Interior spread from The Snowman Waltz written by Karen Konnerth and illustrated by Emily Neilson, Sleeping Bear Press ©2022.

 

Before long a line forms, greetings take place, and then magically … Back and forth they bump and waddle./Having fun they slip and slide./Then the snowmen show the penguins/Something that they never tried.

The rhyme is delightful and, motivated by Neilson’s visually appealing illustrations—icy cold never looked so good, I could easily have taken the book in hand as my partner and twirled across my kitchen floor! So it’s no surprise that  backmatter includes sheet music and a finger dance activity. This charming tale of cooperation would make a great story time selection and conversation starter.

  • Reviewed by Ronna Mandel

 

Stay in a winter mood with this snowflake-themed picture book.

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Picture Book Review – Sylvia Finds a Way

 

 

SYLVIA FINDS A WAY

Written by Stephanie Shaw

Illustrated by Fiona Lee

(West Margin Press; $17.99; Ages 5-8)

 

 

 

When a tiny slug and her animal friends discover a beautiful garden full of delicious food, they attempt to fill their bellies using one of their strengths in the sweet picture book, Sylvia Finds a Way. Unfortunately, a vigilant gardener stands ready, and each animal BOUNDS, DARTS, or FLIES away with an empty tummy … until Sylvia comes along.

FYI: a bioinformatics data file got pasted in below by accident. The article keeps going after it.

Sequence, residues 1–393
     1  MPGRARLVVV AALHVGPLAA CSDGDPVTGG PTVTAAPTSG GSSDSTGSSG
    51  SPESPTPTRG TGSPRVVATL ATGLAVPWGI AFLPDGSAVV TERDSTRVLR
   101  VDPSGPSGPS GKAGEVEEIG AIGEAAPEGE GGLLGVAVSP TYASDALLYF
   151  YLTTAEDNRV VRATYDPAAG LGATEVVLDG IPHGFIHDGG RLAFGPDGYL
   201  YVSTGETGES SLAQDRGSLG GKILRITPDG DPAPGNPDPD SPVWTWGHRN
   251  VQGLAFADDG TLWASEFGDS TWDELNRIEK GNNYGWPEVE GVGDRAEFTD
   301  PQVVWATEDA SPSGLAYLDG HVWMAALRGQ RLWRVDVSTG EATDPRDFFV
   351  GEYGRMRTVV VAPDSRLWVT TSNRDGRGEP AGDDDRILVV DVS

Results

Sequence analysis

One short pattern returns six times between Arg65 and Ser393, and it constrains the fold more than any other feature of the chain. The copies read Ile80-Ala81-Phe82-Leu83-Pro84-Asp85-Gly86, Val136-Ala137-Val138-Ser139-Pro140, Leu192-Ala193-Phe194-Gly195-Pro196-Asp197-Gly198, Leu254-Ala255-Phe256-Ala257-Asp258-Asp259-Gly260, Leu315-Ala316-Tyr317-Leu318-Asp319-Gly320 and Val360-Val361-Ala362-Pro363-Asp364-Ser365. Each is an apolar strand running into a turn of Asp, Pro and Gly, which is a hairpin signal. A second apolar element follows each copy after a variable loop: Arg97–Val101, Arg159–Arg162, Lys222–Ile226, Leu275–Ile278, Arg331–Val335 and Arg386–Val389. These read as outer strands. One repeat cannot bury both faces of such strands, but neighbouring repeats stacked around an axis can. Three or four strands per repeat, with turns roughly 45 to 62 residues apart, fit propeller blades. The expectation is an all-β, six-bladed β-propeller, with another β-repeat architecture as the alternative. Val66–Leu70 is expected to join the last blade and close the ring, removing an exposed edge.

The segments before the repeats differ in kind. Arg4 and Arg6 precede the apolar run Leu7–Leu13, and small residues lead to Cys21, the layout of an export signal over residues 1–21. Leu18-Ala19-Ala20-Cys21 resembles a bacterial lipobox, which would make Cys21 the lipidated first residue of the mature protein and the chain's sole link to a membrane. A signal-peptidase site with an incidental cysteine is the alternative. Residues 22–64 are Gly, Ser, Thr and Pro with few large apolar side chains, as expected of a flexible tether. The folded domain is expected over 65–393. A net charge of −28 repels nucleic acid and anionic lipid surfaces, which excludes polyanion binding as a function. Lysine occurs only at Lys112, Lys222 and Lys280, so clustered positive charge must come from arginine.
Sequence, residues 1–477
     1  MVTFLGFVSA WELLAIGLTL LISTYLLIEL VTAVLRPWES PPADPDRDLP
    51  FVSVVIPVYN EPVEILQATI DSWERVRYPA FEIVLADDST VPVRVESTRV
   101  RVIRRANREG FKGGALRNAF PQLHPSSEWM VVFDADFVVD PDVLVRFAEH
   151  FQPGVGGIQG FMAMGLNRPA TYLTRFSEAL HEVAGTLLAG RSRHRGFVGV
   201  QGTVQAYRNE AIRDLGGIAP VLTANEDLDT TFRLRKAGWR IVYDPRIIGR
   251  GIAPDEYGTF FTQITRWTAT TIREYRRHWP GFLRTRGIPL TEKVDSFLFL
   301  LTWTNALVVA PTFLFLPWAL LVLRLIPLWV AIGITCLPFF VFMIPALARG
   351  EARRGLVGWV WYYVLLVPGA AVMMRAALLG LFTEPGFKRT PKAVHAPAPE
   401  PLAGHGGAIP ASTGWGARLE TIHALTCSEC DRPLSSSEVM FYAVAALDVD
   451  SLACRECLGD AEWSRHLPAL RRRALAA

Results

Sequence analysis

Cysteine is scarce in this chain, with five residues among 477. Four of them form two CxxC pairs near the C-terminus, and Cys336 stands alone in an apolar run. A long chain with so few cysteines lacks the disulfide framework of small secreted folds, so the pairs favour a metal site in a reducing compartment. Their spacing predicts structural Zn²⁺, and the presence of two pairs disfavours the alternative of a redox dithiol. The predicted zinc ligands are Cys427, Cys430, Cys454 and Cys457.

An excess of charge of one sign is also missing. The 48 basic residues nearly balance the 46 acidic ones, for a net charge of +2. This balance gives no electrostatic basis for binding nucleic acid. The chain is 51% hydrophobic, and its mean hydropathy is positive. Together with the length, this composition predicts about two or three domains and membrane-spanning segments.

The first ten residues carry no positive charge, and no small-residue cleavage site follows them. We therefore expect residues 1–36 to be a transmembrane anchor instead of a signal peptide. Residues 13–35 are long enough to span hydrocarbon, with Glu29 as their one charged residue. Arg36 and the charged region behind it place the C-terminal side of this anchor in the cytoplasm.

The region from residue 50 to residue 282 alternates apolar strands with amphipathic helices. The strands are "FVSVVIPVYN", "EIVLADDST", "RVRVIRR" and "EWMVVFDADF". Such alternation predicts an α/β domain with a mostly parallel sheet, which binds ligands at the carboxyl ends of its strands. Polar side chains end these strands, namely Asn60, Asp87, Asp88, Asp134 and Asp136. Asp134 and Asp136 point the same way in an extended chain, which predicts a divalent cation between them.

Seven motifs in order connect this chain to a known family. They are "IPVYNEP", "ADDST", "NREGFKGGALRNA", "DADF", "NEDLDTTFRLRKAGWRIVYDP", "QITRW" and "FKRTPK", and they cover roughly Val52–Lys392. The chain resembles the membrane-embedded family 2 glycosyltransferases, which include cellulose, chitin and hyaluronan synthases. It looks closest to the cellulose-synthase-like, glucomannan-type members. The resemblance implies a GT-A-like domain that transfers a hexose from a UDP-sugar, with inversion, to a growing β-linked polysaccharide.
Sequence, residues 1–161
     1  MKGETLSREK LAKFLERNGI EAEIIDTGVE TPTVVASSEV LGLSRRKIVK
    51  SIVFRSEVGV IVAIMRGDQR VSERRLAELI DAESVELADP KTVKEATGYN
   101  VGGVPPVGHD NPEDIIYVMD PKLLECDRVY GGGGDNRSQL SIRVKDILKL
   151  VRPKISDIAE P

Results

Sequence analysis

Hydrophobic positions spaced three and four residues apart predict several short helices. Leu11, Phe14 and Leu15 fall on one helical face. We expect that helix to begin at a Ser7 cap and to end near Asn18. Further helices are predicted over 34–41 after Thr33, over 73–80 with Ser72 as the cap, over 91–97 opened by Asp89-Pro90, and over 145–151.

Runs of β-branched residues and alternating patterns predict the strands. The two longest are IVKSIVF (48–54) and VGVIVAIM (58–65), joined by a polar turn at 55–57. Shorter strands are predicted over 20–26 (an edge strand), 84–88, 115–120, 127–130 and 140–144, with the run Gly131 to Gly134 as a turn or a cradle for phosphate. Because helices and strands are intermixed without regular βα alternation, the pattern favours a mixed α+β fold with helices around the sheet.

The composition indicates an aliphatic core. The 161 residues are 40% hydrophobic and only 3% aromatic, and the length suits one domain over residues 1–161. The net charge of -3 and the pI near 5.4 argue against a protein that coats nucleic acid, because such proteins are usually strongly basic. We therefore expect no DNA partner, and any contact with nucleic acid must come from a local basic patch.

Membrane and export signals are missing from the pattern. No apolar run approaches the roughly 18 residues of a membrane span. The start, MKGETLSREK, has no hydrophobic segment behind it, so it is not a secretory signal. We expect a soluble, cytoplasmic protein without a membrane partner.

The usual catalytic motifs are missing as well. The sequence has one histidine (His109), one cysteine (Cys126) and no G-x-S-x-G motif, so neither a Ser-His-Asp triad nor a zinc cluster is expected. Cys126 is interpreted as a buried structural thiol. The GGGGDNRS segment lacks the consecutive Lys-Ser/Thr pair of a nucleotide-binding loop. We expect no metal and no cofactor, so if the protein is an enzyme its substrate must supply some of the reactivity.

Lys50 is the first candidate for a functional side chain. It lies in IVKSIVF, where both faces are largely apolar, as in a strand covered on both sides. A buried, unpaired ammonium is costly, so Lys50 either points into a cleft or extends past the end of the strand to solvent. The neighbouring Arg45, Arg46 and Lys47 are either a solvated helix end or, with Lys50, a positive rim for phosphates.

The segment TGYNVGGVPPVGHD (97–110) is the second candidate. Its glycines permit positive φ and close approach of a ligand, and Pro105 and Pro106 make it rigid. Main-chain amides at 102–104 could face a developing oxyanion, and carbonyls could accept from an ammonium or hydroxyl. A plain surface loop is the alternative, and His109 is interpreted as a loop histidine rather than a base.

Sylvia Finds a Way int1
Interior spread from Sylvia Finds a Way written by Stephanie Shaw and illustrated by Fiona Lee, West Margin Press 2021.

 

Confident in her own brand of quiet strength, Sylvia’s way teaches kids that there are different kinds of strength. And that often, the best way to solve a problem is not with physical strength, but with patience and words.

 

Sylvia Finds a Way int2
Interior spread from Sylvia Finds a Way written by Stephanie Shaw and illustrated by Fiona Lee, West Margin Press 2021.

 

Stephanie Shaw and Fiona Lee’s depiction of this unlikely hero is sure to find fans among yoga and garden enthusiasts. Lee’s expressive art is a perfect complement to Shaw’s simple and satisfying story. The earthy color palette allows Sylvia’s “slime” trail of silvery, shiny gloss to take center stage, keeping even the youngest readers entranced. Throw in some fun yoga poses, and this book makes a delightful, interactive read-aloud. 

 

Sylvia Finds a Way int3
Interior art from Sylvia Finds a Way written by Stephanie Shaw and illustrated by Fiona Lee, West Margin Press 2021.

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From School Library Journal: “Shaw’s evocative descriptions of the flora and fauna will engage young readers and the author’s note gives factual information about slugs and their value to the garden’s ecosystem … The balance between boisterous action and meditative zen makes this title a standout among yoga picture books. A fun, frolicking tale, and welcome addition to picture book collections, that sneaks in an etiquette lesson without feeling overly didactic.”

  • Reviewed by Roxanne Troup

 

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Picture Book Review – Terrific Table Manners